The Setup, curated by @waferbaby, is a fascinating collection of interviews with people from all over the Internet. In one of these interviews the subject simply describes the software and hardware that they use in their personal and professional lives. I’ve been following site since its genesis and I am inexplicably fascinated by each and every detail shared by the site’s often Internet-famous interviewees. In the spirit of introduction, I humbly present my own answers to the questions posed by The Setup. UPDATE: @waferbaby was kind enough to link to this post on the Community page of The Setup. Thanks to him for that and for maintaining such an interesting collection of interviews.
Who are you, and what do you do?
My name is Dylan and I’m a third year computer science major in the Henry Samueli School of Engineering and Applied Science at the University of California Los Angeles. I work at the UCLA Center for Embedded Networked Sensing where I develop scientific research platforms that use mobile technology as a vehicle for community involvement.
What hardware do you use?
My main machine is a 13” MacBook Pro. I ask a lot of it, and it has proven itself to be an incredibly reliable companion. My particular model is from mid 2009 and has a 2.53 GHz Core 2 Duo processor; I’ve bumped the RAM up to 8 GB and the hard drive to a 500 GB Seagate Momentus XT, a “hybrid hard drive” with 4 GB of flash memory. When I’m writing code I find that referring to documentation is much easier with a secondary display.
I have a black 16 GB AT&T iPhone 4, though I use it less like a cell phone and more like a beautifully designed handheld computer from the future. My school and the surrounding area are thoroughly blanketed in wifi and cellular connectivity so I’m never far away from the apps and services I rely on and enjoy. My iPhone has probably improved the efficiency of my computing life more than any other device I’ve ever owned.
I also own a black 16 GB wifi iPad 2, which I use mostly for consuming RSS feeds, Instapaper, and my Twitter timeline. I don’t think I could bring myself to manage more than one traditional computer for personal use, but my iPad is a low-maintenance and very capable sidekick.
When I’m not using my MacBook Pro or my iOS devices they’re probably nestled in something made by Incase. In my apartment I’ve got a 1 TB Time Capsule for Time Machine backups and fast, reliable network access. I also have a first-generation Apple TV that I use to run Ubuntu (yes, Ubuntu) and a variety of open source server software. This is facilitated by the atv-bootloader project. I had hoped this would be a low-cost and power-efficient home server solution, but it’s turning out to be more trouble than it’s worth (the unit runs damn hot and running Ubuntu is a hack at best).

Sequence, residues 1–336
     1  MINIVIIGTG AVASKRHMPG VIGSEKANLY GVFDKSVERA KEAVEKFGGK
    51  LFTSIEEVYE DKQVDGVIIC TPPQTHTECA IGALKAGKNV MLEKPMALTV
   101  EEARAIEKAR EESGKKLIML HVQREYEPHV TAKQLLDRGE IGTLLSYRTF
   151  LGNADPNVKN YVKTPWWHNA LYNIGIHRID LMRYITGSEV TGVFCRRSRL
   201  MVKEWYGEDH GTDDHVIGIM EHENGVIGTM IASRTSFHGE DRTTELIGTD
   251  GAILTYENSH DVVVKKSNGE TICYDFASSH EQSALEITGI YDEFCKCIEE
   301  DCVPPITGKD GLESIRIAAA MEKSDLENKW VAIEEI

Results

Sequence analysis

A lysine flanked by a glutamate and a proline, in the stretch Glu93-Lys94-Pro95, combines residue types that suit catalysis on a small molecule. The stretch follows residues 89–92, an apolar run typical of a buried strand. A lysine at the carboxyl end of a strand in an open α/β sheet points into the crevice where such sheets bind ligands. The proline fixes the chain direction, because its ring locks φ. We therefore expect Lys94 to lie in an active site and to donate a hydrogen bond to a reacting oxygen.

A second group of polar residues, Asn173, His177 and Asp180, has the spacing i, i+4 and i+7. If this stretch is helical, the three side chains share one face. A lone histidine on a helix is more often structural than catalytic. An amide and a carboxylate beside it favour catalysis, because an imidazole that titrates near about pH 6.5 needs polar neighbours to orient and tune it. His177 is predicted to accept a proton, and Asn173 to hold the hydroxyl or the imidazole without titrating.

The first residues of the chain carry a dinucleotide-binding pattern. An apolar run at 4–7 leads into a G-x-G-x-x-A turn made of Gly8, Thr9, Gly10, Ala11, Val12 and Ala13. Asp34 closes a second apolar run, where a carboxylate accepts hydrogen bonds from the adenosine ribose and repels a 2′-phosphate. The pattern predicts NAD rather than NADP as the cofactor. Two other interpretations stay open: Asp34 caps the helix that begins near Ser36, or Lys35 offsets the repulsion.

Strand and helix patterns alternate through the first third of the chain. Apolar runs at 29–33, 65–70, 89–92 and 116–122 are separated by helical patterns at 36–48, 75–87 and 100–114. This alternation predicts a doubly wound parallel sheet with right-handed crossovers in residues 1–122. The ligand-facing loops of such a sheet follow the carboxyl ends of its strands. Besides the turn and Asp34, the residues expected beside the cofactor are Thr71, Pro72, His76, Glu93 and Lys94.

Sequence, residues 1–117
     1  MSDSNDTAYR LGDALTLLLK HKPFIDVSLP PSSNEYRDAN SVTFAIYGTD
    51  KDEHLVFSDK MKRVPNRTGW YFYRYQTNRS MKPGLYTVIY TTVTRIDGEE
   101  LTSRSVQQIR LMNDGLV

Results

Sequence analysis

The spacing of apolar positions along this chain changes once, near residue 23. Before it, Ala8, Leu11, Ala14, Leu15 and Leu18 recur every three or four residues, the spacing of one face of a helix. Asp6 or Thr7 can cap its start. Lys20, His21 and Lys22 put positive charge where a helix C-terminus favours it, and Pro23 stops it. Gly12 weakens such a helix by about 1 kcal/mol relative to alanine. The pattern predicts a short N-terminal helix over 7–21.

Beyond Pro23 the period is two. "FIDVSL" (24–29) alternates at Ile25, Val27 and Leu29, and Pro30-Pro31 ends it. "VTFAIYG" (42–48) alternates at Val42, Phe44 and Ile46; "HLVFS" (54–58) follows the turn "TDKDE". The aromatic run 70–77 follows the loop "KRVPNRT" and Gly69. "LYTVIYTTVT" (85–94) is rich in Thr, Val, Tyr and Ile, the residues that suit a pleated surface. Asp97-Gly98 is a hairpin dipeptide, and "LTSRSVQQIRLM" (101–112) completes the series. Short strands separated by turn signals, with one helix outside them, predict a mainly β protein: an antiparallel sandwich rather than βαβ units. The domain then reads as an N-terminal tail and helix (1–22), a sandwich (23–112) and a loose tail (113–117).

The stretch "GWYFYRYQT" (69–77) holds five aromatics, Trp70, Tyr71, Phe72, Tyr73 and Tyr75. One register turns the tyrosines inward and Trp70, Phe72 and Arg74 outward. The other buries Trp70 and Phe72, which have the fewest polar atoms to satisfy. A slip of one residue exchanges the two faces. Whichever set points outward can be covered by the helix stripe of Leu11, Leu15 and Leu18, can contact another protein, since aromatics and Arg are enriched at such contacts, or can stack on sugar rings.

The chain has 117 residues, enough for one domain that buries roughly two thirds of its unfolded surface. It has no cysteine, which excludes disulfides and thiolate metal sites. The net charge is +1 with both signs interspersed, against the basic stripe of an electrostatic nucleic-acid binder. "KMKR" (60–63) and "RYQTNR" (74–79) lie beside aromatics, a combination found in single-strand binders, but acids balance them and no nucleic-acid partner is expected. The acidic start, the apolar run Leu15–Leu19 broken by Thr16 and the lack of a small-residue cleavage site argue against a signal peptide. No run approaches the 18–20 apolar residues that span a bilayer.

And what software?
The all-stars of my Applications folder are Colloquy, Dropbox, Gitbox, Google Chrome, Hulu Desktop, iTunes, Kaleidoscope, Brett Terpstra’s nvALT fork of Notational Velocity, Sequel Pro, TextWrangler, Things, Transmission, Twitter, VLC, and VMware Fusion. Mail.app is not on this list; in my humble opinion the Gmail web interface is the only good way to interact with email servers. I’ve always got at least one Terminal window open and I couldn’t live without Homebrew, the “missing package manager for OS X.” I’m looking forward to Lion and iCloud but I’m less enthusiastic about the inevitable incompatibilities that follow a major OS X update.
I’m running the latest iOS 5 beta and it’s the bee’s knees. My favorite iOS apps are Air Video, Due, Facebook, Foursquare, GoodReader, Instacast, Instapaper, Mailroom, Pastebot, Reeder, Simplenote, Things, Twitter, and Verbs. If you happen to know the developers of Instacast, Mailroom, or Verbs, please let them know that I’ll be first in line if or when they release iPad versions of their apps. When I have time to kill I like to play Doodle Jump, Flight Control, Plants vs. Zombies, and Words with Friends.
What would be your dream setup?
I’m always looking to streamline my setup, but overall I’m very happy with it. Any improvements I can think of simply involve more Apple products, and that’s boring and a bit scary to realize. I would however make great use of a small or medium Amazon EC2 instance even though unlimited cloud computing power isn’t considered futuristic anymore.